Bernie Sanders sees red lights flashing for election

April 17, 2024
Bernie Sanders in the JFK Jr. Forum, Photo by Stephanie Mitchell/Harvard Staff Photographer


By Anna Lamb | Harvard Staff Writer
April 17, 2024

Vermont Sen. Bernie Sanders sees warning lights flashing in America.

"In our country today, we are moving rapidly toward an oligarchic form of society," Sanders told a packed room at the Harvard Kennedy School last Friday. "What we are seeing now, and what I think we have never seen before, is a very small number of incredibly wealthy and powerful people who are significantly increasing their power over both our economic and political systems."

Sanders, a progressive who is an independent but caucuses with the Democrats, was joined by award-winning journalist and current IOP fellow Allison King on Friday to discuss issues facing the nation ahead of the 2024 elections. Sanders, an Institute of Politics fellow in 1989, sought the Democratic presidential nomination in 2016 and 2020, and at the center of his platforms was income and wealth inequality, which he said has gotten worse.

Sanders noted that on a recent trip to Los Angeles he witnessed large numbers of people "sleeping out on the streets," and he spoke to residents who say they are "paying 50, 60, 70 percent of their limited incomes on housing." He visited a Black community in Baltimore that was a food desert, without a single grocery store, and older people isolated in their homes.

"The very wealthiest people are doing phenomenally," Sanders said. "Meanwhile working people all over this country are struggling."

During his talk, Sanders quoted Federal Reserve statistics showing $50 trillion in wealth has been redistributed from the bottom 90 percent to the top 1 percent over the past 50 years.

The inequity has spilled over into politics, he said. "What you are increasingly seeing is not campaigns between candidate X and candidate Y. You're seeing campaigns against this super PAC versus that super PAC," financed by "hundreds of millions of dollars coming in from the billionaire class to defeat candidates who stand with workers and who will support the ruling class in America."

Sanders' remedy? "I think what we have to do is create a real political revolution in America, which understands that we have a very formidable and powerful enemy who really are truly greedy people," he said.

The economy is widely expected to be a major campaign issue, with concerns over consumer prices, which have been moderating in recent months, at the top.

Sanders told the audience the major factor in inflation is corporate greed — that food manufacturers and oil companies can be blamed for high prices hurting American’s pockets at the grocery store and the gas pump.

He also underscored the need to support workers who have continued to yield high productivity across sectors with a 32-hour workweek.

"Workers have not benefited from the increased worker productivity and technology — people on top have," he said. "So I think it is time that workers benefit from it."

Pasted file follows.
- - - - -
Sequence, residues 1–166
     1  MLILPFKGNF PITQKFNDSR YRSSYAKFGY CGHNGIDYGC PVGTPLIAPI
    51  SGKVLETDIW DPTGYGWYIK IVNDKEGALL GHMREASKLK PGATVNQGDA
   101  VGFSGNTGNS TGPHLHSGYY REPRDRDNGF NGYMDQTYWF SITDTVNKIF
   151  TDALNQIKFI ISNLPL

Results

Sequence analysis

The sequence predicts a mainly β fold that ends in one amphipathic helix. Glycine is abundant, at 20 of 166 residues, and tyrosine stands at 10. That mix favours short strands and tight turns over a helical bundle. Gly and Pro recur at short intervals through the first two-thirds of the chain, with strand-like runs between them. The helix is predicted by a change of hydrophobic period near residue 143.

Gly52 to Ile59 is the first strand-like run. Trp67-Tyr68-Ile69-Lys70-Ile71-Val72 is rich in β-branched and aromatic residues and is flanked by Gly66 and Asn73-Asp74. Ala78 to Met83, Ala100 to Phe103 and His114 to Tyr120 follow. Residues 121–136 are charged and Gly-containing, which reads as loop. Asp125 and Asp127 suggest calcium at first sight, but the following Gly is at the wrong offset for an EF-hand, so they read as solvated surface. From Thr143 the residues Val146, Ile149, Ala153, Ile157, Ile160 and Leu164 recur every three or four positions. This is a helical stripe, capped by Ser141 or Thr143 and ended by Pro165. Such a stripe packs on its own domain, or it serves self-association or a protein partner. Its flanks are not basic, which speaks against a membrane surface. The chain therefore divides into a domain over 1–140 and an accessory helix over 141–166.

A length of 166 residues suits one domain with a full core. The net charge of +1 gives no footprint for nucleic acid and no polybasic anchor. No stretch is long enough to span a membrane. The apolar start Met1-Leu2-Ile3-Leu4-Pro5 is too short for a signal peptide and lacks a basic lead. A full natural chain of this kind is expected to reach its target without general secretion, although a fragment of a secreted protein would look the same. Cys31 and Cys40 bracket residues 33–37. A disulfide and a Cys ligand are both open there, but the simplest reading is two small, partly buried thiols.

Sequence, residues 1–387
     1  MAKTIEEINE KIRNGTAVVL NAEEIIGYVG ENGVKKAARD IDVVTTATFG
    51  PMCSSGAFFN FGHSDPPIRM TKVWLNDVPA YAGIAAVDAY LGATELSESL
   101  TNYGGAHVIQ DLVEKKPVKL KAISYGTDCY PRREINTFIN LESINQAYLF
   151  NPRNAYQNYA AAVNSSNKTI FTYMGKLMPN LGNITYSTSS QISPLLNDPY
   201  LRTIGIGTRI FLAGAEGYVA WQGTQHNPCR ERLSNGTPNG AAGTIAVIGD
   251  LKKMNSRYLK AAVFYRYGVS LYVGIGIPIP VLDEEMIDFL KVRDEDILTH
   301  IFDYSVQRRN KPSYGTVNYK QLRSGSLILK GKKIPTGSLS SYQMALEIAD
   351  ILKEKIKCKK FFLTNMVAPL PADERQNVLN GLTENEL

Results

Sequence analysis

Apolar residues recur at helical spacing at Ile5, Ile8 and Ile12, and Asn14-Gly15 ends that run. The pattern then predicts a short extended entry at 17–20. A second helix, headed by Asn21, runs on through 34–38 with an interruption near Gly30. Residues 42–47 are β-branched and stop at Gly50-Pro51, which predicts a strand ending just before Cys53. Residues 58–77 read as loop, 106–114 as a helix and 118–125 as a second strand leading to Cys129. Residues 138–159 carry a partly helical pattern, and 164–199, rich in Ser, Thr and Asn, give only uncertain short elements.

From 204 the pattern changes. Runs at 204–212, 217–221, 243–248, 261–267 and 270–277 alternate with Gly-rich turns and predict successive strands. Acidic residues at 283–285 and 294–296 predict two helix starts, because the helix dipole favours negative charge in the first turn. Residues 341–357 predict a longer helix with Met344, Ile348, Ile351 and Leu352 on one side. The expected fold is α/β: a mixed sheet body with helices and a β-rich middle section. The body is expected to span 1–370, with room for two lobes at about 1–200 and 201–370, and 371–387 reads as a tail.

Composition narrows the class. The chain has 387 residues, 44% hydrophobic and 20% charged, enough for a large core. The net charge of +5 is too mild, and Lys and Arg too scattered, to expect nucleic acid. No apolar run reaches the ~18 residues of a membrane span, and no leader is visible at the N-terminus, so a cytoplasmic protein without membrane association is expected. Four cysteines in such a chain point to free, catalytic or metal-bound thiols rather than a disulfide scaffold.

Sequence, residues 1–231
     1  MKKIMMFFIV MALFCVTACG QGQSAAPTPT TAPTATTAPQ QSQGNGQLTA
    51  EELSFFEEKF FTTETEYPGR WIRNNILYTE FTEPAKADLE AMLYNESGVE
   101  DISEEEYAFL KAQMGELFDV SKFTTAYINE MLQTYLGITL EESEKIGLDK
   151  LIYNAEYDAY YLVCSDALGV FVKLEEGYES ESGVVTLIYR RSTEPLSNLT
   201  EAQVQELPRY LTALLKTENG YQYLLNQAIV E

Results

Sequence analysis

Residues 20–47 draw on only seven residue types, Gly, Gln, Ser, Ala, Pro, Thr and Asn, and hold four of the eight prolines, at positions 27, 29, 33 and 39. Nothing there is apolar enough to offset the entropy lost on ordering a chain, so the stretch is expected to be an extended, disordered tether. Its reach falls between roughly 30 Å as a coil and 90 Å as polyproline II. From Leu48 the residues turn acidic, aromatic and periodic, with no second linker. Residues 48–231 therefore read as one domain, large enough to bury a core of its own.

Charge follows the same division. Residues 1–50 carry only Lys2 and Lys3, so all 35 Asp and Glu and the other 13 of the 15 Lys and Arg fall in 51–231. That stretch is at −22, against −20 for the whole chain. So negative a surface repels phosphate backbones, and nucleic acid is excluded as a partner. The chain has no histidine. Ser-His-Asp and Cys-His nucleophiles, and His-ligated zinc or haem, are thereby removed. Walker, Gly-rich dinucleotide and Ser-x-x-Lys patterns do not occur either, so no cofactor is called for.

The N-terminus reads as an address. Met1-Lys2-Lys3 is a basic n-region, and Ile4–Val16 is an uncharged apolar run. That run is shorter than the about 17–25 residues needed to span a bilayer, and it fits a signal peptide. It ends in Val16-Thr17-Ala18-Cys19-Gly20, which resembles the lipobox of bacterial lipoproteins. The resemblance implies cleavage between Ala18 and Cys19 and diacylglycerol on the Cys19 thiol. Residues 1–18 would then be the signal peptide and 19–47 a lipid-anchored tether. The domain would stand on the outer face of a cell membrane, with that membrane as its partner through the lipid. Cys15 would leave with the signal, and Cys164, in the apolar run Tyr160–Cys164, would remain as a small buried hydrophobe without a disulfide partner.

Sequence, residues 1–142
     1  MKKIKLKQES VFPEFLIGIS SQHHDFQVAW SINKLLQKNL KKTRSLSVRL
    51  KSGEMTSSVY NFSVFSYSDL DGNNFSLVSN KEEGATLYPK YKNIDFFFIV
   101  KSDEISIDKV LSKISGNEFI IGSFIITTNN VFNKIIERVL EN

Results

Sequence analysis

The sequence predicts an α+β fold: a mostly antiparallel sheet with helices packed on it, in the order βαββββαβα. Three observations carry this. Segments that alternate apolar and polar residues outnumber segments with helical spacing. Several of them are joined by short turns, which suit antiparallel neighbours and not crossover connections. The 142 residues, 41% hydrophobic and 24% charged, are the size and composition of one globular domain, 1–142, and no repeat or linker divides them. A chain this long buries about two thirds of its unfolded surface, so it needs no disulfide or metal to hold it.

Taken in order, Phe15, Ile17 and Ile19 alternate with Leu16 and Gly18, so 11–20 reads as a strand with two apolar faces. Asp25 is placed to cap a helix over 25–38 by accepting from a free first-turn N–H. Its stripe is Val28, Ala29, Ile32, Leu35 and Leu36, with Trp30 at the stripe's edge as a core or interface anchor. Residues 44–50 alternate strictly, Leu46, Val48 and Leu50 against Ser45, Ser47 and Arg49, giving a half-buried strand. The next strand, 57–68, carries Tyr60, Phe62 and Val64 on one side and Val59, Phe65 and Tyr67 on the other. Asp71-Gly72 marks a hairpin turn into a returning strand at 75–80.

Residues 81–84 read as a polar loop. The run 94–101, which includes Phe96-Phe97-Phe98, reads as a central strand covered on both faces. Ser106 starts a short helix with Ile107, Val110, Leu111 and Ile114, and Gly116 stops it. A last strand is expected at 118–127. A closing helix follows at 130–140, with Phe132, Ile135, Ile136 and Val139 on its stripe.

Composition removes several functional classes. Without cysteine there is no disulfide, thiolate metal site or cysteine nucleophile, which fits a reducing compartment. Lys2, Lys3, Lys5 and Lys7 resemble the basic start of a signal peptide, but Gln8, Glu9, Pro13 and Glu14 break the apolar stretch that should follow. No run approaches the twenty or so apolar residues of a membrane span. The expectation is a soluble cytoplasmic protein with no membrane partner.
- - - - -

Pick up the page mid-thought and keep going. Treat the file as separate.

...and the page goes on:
Sanders' talk also repeatedly underscored one of his other major congressional agenda items — Medicare for all.

"What is the role of government in society?" Sanders asked. "It would seem to me when you boil it down, it's to create a society in which people live long, happy, and productive lives … despite this huge expenditure on healthcare, our life expectancy is significantly less than … many, many countries'."

Sanders did a talk at Harvard's T.H. Chan School of Public Health earlier in the day, critiquing the nation’s healthcare system and highlighting his belief that healthcare is a human right.

When asked whether he supports President Biden's bid for re-election, Sanders applauded Biden's support of issues such as student debt relief, lowering the cost of prescription drugs, and organized labor.

"Let’s not forget this," Sanders said. "Joe Biden is the first president in American history ever to walk on a picket line during the strike."

During the talk, Sanders was also asked about his stance on the Israel/Gaza conflict, on which he has taken a humanitarian stance on the side of Palestinians. Sanders has urged the president to cut funding to Israel for weapons and leverage U.S. political power to get aid to Gaza.

"My view was that if somebody invades your country and does terrible things, you have the right to defend yourself," Sanders said. "But what Israel has done in the past many, many months since that invasion has been engaging in a war not against Hamas, but it has been a war against the Palestinian people."

And when asked about advice he would give to students looking for jobs after graduation, he said he hoped many of them would "choose to stand on the side of justice, and not on the side of big money."

"We need strong voices who will stand up for the poor, who will stand up taking on the fossil-fuel industry so our planet is not destroyed, will stand up for a sane foreign policy, who will stand up for military policy to not spent 10 times more than more than the next 10 countries combined," he said.

"You are getting the best education America can provide. And I think you need to make very fundamental decisions. We are on the Titanic, and it's going down. And you are about to decide whether or not you can play a role in preventing that destruction."

Photo by Stephanie Mitchell/Harvard Staff Photographer